November 1st, 2007

NYTimes.Com Aggregates Third-Party Content, Marks Transformation of Media

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NYTimes.com wasn’t the first traditional media brand to aggregate third-party content — and it certainly won’t be the last. But the New York Times, once considered the national newspaper of record, represented one of the last bastions of the traditional media approach to content, i.e. we produce it ALL ourselves.

And if anyone makes a credible run at doing it all by themselves, it’s the Times, which generates a prodigious volume of the highest quality content every day.

But in a networked media world, where news consumers have access to EVERY piece of content produced by EVERY news outlet large and small (and with high quality news outlets proliferating on the web), media is undergoing a seismic shift — it’s no longer strictly about producing and distributing your OWN content.

Media is now about distributing the BEST content — and Times has embraced this new reality with the launch of its new technology section, which incorporates third-party headlines surfaced by Blogrunner (which the Times acquired very quietly last year — and which uses a TechMeme-like algorithm based on link patterns) and then selected with input from Times editors.

new-york-times-blogrunner-headlines.gif

According to NYTimes.com Tech Editor Saul Hansell (who, in a refreshing and highly effective twist, did the pitching to bloggers about the site launch):

Unlike Google News and Techmeme, we aren’t trying to prove machines can be better editors than people. We have a hybrid model, with Web Crawlers and Editors both helping find and ranks posts.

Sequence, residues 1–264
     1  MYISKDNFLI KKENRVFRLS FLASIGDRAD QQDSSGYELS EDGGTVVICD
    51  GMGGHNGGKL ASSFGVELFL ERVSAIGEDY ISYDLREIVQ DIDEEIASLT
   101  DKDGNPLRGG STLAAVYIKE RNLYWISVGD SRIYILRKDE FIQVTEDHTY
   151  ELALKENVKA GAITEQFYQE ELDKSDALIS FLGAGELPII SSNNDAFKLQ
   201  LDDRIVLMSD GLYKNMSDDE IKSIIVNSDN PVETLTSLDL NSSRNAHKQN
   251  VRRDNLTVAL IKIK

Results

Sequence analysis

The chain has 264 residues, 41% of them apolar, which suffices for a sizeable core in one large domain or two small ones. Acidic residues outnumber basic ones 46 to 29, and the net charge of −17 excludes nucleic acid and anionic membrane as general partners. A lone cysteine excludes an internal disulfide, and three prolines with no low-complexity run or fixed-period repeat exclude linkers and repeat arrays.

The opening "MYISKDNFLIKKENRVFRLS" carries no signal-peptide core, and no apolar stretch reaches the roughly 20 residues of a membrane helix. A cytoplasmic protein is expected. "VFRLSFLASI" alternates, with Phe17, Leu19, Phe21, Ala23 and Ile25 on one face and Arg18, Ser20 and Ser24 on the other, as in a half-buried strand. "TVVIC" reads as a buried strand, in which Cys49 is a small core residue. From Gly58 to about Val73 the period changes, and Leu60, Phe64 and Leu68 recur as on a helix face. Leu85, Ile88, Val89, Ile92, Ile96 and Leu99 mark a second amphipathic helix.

As to how the interaction between the Times’ human editors and Blogrunner’s algorithms ultimately plays out, Saul wisely says its still a “work in progress” — as all new media experiments should be. Try it. See what happens. And learn as you go. That’s the disposition of smart media companies.

The New York Times joins what I expect will be a rapidly expanding list of media brands that aim to create value for their readers by aggregating the best third-party content from across the web and thereby take an important step towards transforming media into a dynamic, collaborative, and fully networked endeavor.

  • The New York Times has embraced third party content long before the launch of its new tech section, through its partnership with Answers.com. See news report on the NYT’s integration of Answers.com’s reference content here http://newsbreaks.infotoday.co... and an example at http://www.answers.com/main/NY....

  • Of course available third-party content will still be ultimately selected by the editors, and rightly so, but it certainly is incentive for us all to provide quality content for consideration!

  • It's still the national newspaper of record, pal. Nothing has changed.

  • La tendencia es clara, internet apunta a facilitarnos cosas a los usuarios, al consumidor final; los modelos de negocio ya no pueden ser los mismos de antes. El que el New York Times decida volverse distribuidor de contenidos lo ratifica, la gente desea conocer puntos de vista independiente, de bloggers por ejemplo.

  • This is something I've long been hoping for. To quote myself (sorry...):

    "A blank sheet of paper approach would open our eyes to simple facts such as:

    * The best content for the community is welcome - be it our own, rival media brand owners', or user generated content.
    * The community should judge which content gets highest prominence - and which gets booted into touch.
    * Groups should be allowed to form which set their own parameters for what equals interesting and 'good'.

    This requires some bravery on the part of the media brand owner. It means that only if our own content is good enough/a good enough fit with the community will it score the highest ratings and get top billing.

    But what would you not want to learn from this?"

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